Ryley Walker: ‘Going two days sober was impossible since I was a kid’

Ryley Walker: ‘Going two days sober was impossible since I was a kid’

The Guardian

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He was hailed as the new Nick Drake, but addiction nearly destroyed him. Now he writes songs ‘in a state of joy’ and, after stacking shelves for minimum wage, has released his best work yet

Speaking on a video call from Massachusetts, Ryley Walker is obscured by a blaze of sunlight coming through a large open window as he filters out the air in his apartment. “I must give up smoking,” the singer-songwriter frowns, lighting up his third cigarette.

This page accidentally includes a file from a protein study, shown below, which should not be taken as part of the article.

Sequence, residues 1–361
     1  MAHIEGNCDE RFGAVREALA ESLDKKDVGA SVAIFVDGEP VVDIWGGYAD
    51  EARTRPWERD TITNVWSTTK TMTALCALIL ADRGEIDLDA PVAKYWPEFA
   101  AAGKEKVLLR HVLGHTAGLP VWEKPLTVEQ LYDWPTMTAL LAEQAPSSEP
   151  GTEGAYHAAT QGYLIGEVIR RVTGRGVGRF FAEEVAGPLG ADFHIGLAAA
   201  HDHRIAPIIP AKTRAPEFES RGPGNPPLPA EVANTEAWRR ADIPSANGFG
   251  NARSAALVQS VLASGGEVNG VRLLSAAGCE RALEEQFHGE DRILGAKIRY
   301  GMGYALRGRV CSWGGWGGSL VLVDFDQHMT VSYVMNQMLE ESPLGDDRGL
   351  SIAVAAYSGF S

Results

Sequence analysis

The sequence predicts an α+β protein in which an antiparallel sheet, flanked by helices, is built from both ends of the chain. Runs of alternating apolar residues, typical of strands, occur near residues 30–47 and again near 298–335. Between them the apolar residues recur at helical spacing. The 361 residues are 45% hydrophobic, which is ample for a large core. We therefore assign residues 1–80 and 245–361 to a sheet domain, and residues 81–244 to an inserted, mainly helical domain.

Given how much Walker has had to give up over the last few years – emerging from the drug and alcohol dependency that shaped his adult life – it’s hard to begrudge him one last remaining vice. Walker, who attempted suicide as a consequence of his addictions, says that being here today is “a miracle”. His career-best new album – the proggy, unexpectedly pretty Course in Fable – is the sound of an artist treating his life as such.

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